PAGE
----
MsAfropolitan Feminism. Africa. Pop Culture. Identity. Race.

MsAfropolitan (miss Afropolitan) is the award-winning blog of Minna Salami, blogger, writer and commentator on African feminism, society and popular culture. To get an idea of what motivates me to blog please read Why African women should blog Hope you enjoy your visit! For inquiries, please get in touch or subscribe to posts

23 January 2013 ~ 5 Comments

Barack Obama, villain or hero?

Breakfast with Barack

When it comes to places, the affection that I have for my hometown, Lagos, is matched only by a sort of nostalgia that I harbour towards Tampere, the Finnish city I’m from, which shapes many of my memories but in which I’ve never lived. Yet, my being Scandinavian feels like a secret. Not from anyone, I […]

17 January 2013 ~ 15 Comments

In praise of, Beyoncé.

In praise of, Beyoncé.

I can’t believe I fell for your schemes, I’m smarter than that/So dumb and naive to believe that with me you’re a changed man/Foolish of me to compete when you cheat with those women /It took me some time, but now I moved on/Cause I realized I got/Me, myself and I/That’s all I got in […]

14 January 2013 ~ 10 Comments

How to make African pie

211/365 L is for Lick

  Is Africa hopeless, hopeful, sinking, growing, shrinking or rising? Such preoccupations repeatedly appear in analyses of Africa. Here are, for instance,  1, 2, 3, 4, 5 articles from The Guardian discussing the theme,  1, 2, 3, 4 articles from African Arguments, and from Africa Unchained and TIME to link to just a few. These ruminations are no […]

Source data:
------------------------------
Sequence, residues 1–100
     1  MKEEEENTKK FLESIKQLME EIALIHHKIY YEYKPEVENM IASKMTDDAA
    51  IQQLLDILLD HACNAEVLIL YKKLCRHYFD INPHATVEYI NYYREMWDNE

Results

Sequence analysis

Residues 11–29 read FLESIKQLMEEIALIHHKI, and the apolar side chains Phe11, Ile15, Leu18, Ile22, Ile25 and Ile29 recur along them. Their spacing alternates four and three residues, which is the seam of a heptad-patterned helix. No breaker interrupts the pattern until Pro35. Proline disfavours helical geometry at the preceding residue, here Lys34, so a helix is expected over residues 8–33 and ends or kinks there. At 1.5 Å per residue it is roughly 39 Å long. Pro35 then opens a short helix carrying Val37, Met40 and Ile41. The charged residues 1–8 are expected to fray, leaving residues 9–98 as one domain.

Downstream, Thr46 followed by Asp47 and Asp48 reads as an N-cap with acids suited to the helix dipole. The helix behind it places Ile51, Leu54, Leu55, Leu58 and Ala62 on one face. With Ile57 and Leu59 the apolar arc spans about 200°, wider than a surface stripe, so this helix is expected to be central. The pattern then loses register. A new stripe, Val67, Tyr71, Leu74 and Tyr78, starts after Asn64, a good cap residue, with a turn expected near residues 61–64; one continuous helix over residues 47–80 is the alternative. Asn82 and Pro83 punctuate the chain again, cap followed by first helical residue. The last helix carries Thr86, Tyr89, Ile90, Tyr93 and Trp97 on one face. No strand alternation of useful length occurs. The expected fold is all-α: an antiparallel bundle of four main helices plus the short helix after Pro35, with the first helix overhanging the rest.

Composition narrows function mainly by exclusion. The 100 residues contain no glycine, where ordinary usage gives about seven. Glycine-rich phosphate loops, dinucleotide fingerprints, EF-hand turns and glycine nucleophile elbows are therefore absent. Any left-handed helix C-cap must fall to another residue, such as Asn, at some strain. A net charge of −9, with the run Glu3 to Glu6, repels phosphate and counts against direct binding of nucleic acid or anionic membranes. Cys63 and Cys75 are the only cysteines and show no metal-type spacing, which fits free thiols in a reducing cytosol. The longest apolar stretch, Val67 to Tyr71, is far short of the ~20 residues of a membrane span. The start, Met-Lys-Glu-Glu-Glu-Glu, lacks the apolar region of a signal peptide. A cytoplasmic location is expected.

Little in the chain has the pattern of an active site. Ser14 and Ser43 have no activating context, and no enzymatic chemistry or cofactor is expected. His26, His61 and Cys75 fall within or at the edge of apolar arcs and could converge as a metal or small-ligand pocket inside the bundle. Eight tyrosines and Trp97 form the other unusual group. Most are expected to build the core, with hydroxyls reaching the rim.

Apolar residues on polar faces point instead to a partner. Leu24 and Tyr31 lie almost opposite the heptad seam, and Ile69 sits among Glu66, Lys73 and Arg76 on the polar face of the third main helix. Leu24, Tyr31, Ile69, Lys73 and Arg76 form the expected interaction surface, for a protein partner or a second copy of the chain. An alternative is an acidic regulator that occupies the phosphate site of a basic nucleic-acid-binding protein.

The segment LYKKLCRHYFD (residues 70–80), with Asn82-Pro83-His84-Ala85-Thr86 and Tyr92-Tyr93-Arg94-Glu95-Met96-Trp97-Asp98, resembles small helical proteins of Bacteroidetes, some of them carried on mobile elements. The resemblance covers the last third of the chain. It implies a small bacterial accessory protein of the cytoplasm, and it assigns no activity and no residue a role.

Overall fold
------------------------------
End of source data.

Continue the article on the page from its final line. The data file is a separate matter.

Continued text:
03 January 2013 ~ 52 Comments

Why Spike Lee was right about Django Unchained

Why Spike Lee was right about Django Unchained

Spike Lee did the right thing in publicly taking issue with Django Unchained, the latest Quentin Tarantino movie about a freed African slave who embarks on a violent journey to save his wife. The wife character, Broomhilda, played by Kerry Washington is monotonous to discuss for hers is a shockingly flat role. Her character serves […]

28 December 2012 ~ 4 Comments

A year of African feminism

Detalle del Palacio Real de Fez

I’d like to end the year here with a short recap.  I posted 72 blogs in 2012. They featured original content about race relations, pop culture, African affairs and psychology which are four of the five key themes of MsAfropolitan. The list below consists of the most popular blogs from the fifth major theme – African […]

20 December 2012 ~ 2 Comments

The African Diaspora: Claiming our power to make a change back home

This is a guest post by Solome Lemma – Before we start, it is important to recognize that what we refer to as the African diaspora is not monolithic. There are many diaspora communities with their own histories, interests, needs and opportunities. That said let me get straight to the point. Namely that it is […]